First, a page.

• What are the alternatives to remand? The report suggests electronic monitoring, supervised bail and mentoring as possible routes to divert people out of an unnecessary and destructive period of custody. 
  • Some people feel that remand can be a perverse positive, however. Prison is percieved by some as a place for safety and stability where people can access services not available in the community. 

Remand is a major issue in need of penal reform. In many ways, ending remands and reducing our prison population appears simple, but as the report also reveals, remand is justified not as a punitive tactic but as a coercive social support of last resort. However, the prison should never be used as an alternative to welfare interventions in the community. If this is the case, then solutions that can drastically reduce remand must focus on early intervention, social welfare support and diversion. While the prison may be able to provide some limited forms of support, overuse of the prison is always harmful for social relations, causes stigma for individuals and can severely damage family life. It is the most severe punishment the state can deploy against people who have committed a crime. Therefore, it should never be used (1) as a means to address a gap in welfare and community provision; nor should it be used (2) against citizens who have not been found guilty of a crime.

Read the report here: An Inquiry into the Use of Remand in Scotland

[1] http://www.prisonreformtrust.org.uk/Portals/0/Documents/Bromley%20Briefings/Autumn%202017%20factfile.pdf 
[2} http://www.gov.scot/Publications/2017/02/2907/12

HLS Gives Evidence to Parliament

Are we trying to reduce our imprisonment rates and create a more humane penal system? Will we be able to use the bill to reduce our use of the most severe sanction?’ (Howard League Scotland). 

On Tuesday the 15th of May HLS was invited to Hollyrood to give evidence to the Justice Committee on the current iteration of the Management of Offenders 2018 Bill. This will be a significant piece of legislation that seeks to (1) extend the use of electronic monitoring and open up the possibility of using GPS tracking, (2) reduce the periods of time people with convictions have to disclose these convictions to prospective employers, and (3) amendments to the constitution of the parole board.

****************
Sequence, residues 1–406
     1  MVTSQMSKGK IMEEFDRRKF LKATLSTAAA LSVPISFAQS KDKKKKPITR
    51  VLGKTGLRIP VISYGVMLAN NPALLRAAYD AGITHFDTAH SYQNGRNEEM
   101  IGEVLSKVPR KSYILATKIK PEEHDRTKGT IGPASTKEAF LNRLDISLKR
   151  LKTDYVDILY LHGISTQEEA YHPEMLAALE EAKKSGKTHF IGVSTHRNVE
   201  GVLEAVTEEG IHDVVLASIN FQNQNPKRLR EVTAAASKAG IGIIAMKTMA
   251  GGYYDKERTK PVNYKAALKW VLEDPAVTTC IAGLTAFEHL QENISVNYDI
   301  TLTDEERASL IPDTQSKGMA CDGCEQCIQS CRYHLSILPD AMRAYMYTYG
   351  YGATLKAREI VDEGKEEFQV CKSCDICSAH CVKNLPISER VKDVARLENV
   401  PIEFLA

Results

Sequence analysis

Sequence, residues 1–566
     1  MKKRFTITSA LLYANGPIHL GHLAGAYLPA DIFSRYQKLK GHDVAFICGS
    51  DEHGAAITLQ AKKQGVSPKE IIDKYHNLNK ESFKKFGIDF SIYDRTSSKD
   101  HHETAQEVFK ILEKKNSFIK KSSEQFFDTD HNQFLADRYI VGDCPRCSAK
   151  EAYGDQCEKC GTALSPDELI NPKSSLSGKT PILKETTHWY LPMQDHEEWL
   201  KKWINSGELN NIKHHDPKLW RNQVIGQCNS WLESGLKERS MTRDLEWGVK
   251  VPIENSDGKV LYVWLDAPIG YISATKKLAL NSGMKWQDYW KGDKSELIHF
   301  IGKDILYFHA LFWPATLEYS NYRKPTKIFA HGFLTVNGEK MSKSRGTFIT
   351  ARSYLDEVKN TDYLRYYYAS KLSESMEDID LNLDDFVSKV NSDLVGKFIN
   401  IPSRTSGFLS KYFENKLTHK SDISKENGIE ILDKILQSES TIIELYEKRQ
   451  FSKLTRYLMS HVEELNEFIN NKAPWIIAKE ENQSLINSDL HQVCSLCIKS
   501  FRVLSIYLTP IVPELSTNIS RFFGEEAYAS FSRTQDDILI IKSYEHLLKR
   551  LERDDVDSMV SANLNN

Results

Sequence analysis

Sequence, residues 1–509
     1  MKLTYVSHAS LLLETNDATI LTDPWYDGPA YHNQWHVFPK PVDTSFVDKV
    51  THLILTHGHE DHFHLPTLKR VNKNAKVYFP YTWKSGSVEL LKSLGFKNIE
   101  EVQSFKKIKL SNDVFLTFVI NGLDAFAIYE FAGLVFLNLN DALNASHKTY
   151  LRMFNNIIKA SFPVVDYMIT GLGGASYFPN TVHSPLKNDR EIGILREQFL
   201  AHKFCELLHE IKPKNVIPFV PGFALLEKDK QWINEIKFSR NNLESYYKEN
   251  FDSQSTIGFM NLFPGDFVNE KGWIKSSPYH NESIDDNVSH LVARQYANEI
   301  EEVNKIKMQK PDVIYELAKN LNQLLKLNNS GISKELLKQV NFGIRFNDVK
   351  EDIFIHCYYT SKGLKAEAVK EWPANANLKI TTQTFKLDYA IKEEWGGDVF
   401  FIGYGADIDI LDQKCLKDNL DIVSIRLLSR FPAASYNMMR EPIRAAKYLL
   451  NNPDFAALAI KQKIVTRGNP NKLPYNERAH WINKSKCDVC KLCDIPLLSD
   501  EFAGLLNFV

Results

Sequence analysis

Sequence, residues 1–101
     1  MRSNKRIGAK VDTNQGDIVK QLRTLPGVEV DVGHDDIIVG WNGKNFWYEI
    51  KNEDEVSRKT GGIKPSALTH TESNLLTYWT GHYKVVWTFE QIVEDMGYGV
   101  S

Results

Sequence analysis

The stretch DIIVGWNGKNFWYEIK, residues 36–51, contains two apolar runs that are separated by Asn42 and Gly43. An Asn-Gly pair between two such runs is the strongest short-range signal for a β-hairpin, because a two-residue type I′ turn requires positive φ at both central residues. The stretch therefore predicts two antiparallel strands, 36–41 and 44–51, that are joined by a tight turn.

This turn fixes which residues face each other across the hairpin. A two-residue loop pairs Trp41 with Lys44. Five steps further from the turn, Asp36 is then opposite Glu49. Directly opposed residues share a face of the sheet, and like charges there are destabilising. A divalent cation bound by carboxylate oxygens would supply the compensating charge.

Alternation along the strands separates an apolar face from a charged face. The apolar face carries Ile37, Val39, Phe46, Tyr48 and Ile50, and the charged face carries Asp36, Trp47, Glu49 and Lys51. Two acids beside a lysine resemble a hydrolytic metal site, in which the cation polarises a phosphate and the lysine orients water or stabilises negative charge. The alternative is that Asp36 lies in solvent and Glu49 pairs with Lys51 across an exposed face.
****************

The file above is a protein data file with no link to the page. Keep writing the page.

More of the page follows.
As part of a panel of witnesses, HLS raised questions about the underlying aims of the bill: is this bill intended to reduce the use of imprisonment or increase surveillance and security? The panel also pointed to serious concerns for reintegration and inclusion.

Aims of the Bill:

  • How can we use the extension of electronic monitoring (EM) to reduce Scotland’s staggeringly large prison population and not as a risk averse technology that increases surveillance and security in the community?
  • Electronic monitoring should be used to support the goals of rehabilitation and reintegration and not be seen as an end in and of itself. It will work best if it is one tactic in a suite of measures that involve the skills of mentoring and/or criminal justice social work, for example.
  • If EM is targeted at the prison population and used as a means to increase the frequency and length of temporary release from prison it can help reduce the prison population, support reintegration and maintain public safety.
  • However, we need data on the uses of temporary release and how EM influences it.
  • There was resounding support from the witnesses to tackle Scotland’s use of remand. Remand is not addressed in the current bill. Yet we know that 15% of our prison population are there on remand have not been found guilty, and the majority of them will not go on to receive a sentence.

 

Concerns:

  • Developing EM may be part of penal expansion rather than reduction. Innovation has often caused up-tariffing and net-widening without reducing number of people imprisoned. In Scotland in recent years we have seen massive expansion of community orders in Scotland and no decrease in the use of imprisonment.
  • Excessive or disproportionate use of exclusion zones will denigrate what it means to be a citizen in Scotland. We need to set a specific maximum spatial size or distance—in metres or kilometres— and a maximum number of areas that can become exclusion zones. We have to protect citizenship and the reintegration aims of penal policy. 
  •  Do we want to have a privatised EM system? If Scotland aspires to be closer in practice to the Scandinavian models of criminal justice, we should not continue to follow the UK example of privatised provision of EM. Where it is not outsourced electronic monitoring is better integrated with probation/social work services.
  • The bill still demands lifelong disclosure of criminal records for people who have served 48months or longer. This is stigmatising and exclusionary as people are forever expected to reveal their past convictions, no matter how much time has passed.

 

Read more:

HLS's Submission to the Justice Committee on the Management of Offenders Bill 2018

Justice Committee Official Report on Evidence Session 15 May 2018

 

Pages

Archive

2015

2014

2006